As I grew up, I was often confronted with the question: Is a hot dog a sandwich? My immediate answer to this question was no, on the grounds that it isn’t between two pieces of bread. However, my confidence in this answer was shaken by my friend bringing to my attention that there are sandwiches where the two pieces of bread are attached. Yet, after a brief consideration, I countered with the fact that while yes, the two pieces of bread are connected, the roll itself is designed to be broken into two pieces of bread forming a top layer and a bottom layer; they just sometimes stick together from an unfinished slice.
This then brought me to the question, if not a sandwich, then what is it? After much deliberation, I concluded that a hot dog is a taco. This is because of the shape of the bun, the intention and makeup of the bun, and the contents of the hotdog.
Firstly, the shape of a hot dog bun is the most crucial piece of information as to why a hot dog is a taco. The hot dog bun is accurately described as an ellipsoid, “a surface all plane sections of which are ellipses or circles” (Merriam-Webster). This is then sliced down the middle of the bun, keeping the bottom intact.
Now that the hot dog bun has been examined and geometrically classified, we can explore a taco shell. A taco shell can also be classified as ellipsoidal since all surfaces of a taco shell are circular or ellipses. Furthermore, the taco shell remains intact on the bottom of the taco. While a taco shell may be thinner due to the ingredients used, it has the same shape as a hot dog bun; a hot dog is most closely defined as a taco.
This similarity is further shown in “The Cube Rule of Food” diagram, in the image labeled by the number three. Now, this image isn’t just a picture that was randomly created on the internet. It holds a significant amount of reliability and was cited in The Washington Post, used in Maryland Courts and nominated for a Webby in 2019.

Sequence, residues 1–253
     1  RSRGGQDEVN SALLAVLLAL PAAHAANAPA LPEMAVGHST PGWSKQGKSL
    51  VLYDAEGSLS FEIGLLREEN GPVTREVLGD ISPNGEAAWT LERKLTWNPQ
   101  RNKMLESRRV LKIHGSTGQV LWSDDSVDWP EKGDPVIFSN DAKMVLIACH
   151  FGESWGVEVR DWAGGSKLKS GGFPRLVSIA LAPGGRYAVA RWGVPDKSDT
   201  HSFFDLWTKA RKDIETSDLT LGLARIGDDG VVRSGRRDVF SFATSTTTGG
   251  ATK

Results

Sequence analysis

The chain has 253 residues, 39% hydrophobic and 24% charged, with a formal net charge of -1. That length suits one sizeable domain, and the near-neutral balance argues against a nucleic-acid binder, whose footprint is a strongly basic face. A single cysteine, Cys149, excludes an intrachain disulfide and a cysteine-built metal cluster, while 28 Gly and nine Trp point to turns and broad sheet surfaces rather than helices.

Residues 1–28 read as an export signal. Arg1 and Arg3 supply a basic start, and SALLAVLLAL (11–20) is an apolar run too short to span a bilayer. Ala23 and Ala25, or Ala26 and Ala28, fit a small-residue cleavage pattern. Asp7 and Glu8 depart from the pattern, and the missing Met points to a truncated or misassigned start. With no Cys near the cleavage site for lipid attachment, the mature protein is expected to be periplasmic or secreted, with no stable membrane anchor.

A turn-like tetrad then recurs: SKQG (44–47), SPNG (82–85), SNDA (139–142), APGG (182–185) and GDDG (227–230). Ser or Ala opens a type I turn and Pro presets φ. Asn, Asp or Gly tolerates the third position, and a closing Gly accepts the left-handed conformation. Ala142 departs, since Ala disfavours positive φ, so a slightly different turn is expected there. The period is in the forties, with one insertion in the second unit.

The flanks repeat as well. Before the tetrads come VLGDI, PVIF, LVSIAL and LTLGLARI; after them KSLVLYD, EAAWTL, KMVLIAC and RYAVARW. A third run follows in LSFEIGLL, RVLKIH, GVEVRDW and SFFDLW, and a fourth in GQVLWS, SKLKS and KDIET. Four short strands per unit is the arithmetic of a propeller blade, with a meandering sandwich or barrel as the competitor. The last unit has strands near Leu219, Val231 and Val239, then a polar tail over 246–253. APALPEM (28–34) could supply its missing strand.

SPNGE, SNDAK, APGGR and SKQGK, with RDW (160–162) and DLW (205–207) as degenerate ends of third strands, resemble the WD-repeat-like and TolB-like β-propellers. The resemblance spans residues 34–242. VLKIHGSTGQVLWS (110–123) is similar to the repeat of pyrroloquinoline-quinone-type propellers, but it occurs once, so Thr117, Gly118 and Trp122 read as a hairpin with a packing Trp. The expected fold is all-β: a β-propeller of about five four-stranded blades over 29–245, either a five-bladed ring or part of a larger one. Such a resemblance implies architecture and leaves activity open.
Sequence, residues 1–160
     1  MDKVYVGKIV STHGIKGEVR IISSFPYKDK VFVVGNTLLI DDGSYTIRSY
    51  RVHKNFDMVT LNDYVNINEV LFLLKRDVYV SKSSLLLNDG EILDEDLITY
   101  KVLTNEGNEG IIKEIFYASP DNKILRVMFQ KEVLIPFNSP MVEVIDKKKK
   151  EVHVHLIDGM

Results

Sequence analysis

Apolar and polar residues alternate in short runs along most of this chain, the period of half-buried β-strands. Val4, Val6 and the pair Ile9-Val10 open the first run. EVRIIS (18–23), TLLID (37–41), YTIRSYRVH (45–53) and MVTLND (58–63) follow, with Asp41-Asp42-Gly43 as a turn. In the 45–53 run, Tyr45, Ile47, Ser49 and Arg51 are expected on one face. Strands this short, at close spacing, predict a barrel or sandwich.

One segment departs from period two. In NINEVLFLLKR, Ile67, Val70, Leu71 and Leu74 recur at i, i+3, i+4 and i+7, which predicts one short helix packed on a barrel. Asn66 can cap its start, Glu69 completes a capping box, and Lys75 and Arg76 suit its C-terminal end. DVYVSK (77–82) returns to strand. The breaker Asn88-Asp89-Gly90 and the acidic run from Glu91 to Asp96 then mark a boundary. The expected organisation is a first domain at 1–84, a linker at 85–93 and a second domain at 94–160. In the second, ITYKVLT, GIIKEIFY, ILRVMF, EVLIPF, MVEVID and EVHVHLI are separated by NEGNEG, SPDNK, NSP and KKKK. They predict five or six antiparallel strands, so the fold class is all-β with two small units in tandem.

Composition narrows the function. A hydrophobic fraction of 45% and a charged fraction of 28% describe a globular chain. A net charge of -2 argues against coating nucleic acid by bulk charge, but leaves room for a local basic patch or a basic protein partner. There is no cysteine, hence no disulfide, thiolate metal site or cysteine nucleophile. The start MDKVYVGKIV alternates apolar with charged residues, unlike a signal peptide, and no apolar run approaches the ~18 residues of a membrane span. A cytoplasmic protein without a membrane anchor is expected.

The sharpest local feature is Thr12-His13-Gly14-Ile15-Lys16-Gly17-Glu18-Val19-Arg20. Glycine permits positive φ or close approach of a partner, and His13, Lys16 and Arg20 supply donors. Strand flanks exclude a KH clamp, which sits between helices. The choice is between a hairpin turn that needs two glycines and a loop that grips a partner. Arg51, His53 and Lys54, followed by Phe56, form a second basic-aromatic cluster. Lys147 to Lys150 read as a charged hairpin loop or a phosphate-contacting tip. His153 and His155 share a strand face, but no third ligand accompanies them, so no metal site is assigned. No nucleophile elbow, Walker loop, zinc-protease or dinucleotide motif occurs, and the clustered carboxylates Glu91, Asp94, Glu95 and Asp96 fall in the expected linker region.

Though some may argue that this difference in thickness of the hotdog bun is enough to disqualify it from being a taco, take a moment to examine other foods. Is Chicago deep-dish pizza not a pizza because it is significantly thicker than a brick oven pizza? Is a sandwich on a bun not a sandwich because it is thicker than a sandwich on sliced bread? The shape of the bread is the defining feature, not the thickness.
Secondly, the intention and form of the bun are crucial to its identity as a taco. Many buns are sold connected on a particular side. Yet, these buns are sold to be separated into two pieces. The hot dog bun, on the other hand, is sold with the intent to keep its shell-like shape.
Many people who go against my claim often refer to the type of bun that a hotdog differs from that of a taco shell. I argue that a taco shell doesn’t have an exact definition. While the average taco shell is made with a soft or hard tortilla, several other shell substitutes exist. These include shells made of cheese, lettuce and just recently, at taco bell, a shell made of chicken. If a taco shell can be formed by something that’s not even a type of bread, then a hot dog bun could undoubtedly be classified as a type of taco shell.
In drawing things to a close, let’s discuss the contents of a hot dog. A taco can essentially have anything in it. A breakfast taco has eggs, usually meat (ham, bacon, or sausage), and cheese. Some tacos include fish, beef, chorizo or chicken, and some may not have any meat (i.e. veggie tacos). Considering the fact that tacos can consist of nearly anything, the contents of a hot dog can’t be a disqualifying factor of it being a type of taco.
I’d argue that the contents of a hot dog help to classify it as a taco. A taco usually contains a form of meat, cheese, salsa and beans, among other things. A hot dog also contains such ingredients: the meat being a hot dog, some people add a slice of cheese to a hot dog, relish, which by definition is essentially a salsa, and many people add baked beans to their hot dogs.
Not only can the contents of a hot dog not be a disqualifying factor, if anything, but they also support the argument that a hot dog is, in fact, a taco. All in all, due to a hot dog’s bun shape, functionality, and ingredients, as well as the hotdogs contents, a hot dog is a type of taco.